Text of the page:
So now we can look at the whole of the resolution tree by adding an –includeDependencies flag. What’s the output then, I hear you ask with excitement and awe in your voice?

C:\src\openwrap [exp_list_wrap +5 ~25 -4 !]> o list-wrap -iD # OpenWrap Shell # Copyright © naughtyProd Limited 2009-2011 # Using C:\src\openwrap\wraps\_cache\openwrap-\bin-net35\OpenWrap.dll ( ─default scope ├─depends: sharpziplib = 0.86 │ └─SharpZipLib 0.86.0 ├─depends: openfilesystem = 1.0 │ └─openfilesystem │ └─depends: openwrap content │ └─openwrap │ ├─depends: sharpziplib = 0.86 │ │ └─SharpZipLib 0.86.0 │ ├─depends: openfilesystem = 1.0 │ │ └─openfilesystem │ │ └─... │ ├─depends: openwrap content = 2.0 │ │ └─openwrap │ │ └─... │ ├─depends: tdnet-framework │ │ └─tdnet-framework │ └─depends: Mono.Cecil = 0.9.4 │ └─Mono.Cecil ├─depends: openwrap content = 2.0 │ └─openwrap │ ├─depends: sharpziplib = 0.86 │ │ └─SharpZipLib 0.86.0 │ ├─depends: openfilesystem = 1.0 │ │ └─openfilesystem │ │ └─depends: openwrap content │ │ └─openwrap │ │ └─... │ ├─depends: openwrap content = 2.0 │ │ └─openwrap │ │ └─... │ ├─depends: tdnet-framework │ │ └─tdnet-framework │ └─depends: Mono.Cecil = 0.9.4 │ └─Mono.Cecil ├─depends: tdnet-framework │ └─tdnet-framework └─depends: Mono.Cecil = 0.9.4 └─Mono.Cecil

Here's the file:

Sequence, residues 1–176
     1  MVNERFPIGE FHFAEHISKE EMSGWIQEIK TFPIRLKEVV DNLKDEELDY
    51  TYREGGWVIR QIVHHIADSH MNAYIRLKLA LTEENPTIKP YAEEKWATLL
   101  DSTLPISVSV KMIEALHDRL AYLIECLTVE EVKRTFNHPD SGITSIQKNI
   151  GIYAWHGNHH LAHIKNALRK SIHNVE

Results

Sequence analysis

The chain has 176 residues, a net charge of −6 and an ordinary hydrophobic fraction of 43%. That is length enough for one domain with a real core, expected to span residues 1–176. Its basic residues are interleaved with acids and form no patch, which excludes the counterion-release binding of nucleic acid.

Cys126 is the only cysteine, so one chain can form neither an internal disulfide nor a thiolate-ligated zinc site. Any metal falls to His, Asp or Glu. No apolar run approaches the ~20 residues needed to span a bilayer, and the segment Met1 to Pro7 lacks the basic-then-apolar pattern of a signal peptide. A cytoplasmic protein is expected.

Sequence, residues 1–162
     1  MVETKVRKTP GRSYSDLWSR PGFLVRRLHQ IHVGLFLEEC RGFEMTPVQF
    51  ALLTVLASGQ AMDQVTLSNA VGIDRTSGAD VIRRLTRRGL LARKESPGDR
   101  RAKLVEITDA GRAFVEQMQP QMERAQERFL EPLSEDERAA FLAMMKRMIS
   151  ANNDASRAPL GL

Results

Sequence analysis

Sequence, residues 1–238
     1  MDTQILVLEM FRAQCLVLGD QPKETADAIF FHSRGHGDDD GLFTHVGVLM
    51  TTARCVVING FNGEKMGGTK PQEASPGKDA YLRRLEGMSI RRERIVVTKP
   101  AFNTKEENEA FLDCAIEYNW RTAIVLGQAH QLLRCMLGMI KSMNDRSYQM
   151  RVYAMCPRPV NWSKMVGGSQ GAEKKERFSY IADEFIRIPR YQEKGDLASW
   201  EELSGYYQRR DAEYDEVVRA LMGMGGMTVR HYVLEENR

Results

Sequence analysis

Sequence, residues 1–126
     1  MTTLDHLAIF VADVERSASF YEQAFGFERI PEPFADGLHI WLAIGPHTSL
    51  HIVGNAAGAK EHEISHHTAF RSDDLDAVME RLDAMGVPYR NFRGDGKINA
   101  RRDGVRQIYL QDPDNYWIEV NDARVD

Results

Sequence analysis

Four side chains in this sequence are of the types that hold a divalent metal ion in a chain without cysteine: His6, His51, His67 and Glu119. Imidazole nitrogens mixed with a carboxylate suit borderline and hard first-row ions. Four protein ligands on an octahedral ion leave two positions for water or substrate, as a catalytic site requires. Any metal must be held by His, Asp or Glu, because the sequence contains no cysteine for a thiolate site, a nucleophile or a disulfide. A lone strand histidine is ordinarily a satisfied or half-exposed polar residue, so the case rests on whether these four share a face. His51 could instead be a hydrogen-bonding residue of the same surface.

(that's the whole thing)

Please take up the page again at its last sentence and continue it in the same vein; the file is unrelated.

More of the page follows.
Now, that’s a lot of information, but you should be piping this stuff to less anyway. The –includeDependencies flag (which I’ve shortened to –iD here, thanks to our great console algorithm that does the right thing most of the time) lets you see exactly what happens.

From your original descriptor (“default scope”), you can see all the dependencies you have declared, as you’ve specified them. For each of the packages that were found in your current project for those dependencies, you see their dependencies too, and on and on. The only time we don’t show something is when the tree is recursive (say, openwrap depending on openwrap), in which case we show you the “…” line you can see above.

Remote packages

There’s a bit of changes to the remote packages too.

First, we’ve fixed the silly bugs where you got all the remote packages even if you specified –remote name, A very annoying stupid issue that appeared in 2.0 when we rewrote the remote support (yes, I do know that’s not been blogged about either yet, be patient, we’re nearly there).

Second, we’ve changed the displaying to show you what packages were found in which repository, so you can understand where things come from without cluttering the actual output. Say I have two remotes, remote1 and remote2, and they each have copies of openwrap. A simple o list-wrap –remote is now much easier to understand.

C:\src\openwrap [master]> o ls-wrap -query openwrap -rem local └─openwrap (1.0.2, 1.0.1, 1.0.0) └─openwrap-bootstrap (1.0.0) local └─openwrap (2.0.1, 2.0.0, 1.1.0)

Couple of things have changed.

We now segregate packages by remote, so you can see immediately which remote has which package, making knowing where things come from much easier.

The second change is that we only show the first three components of package versions by default, as this is what OpenWrap understands and what you should rely on.


Understanding dependencies between packages can be a bit of a challenge. The new list-wrap should give you better understanding of what is actually going on.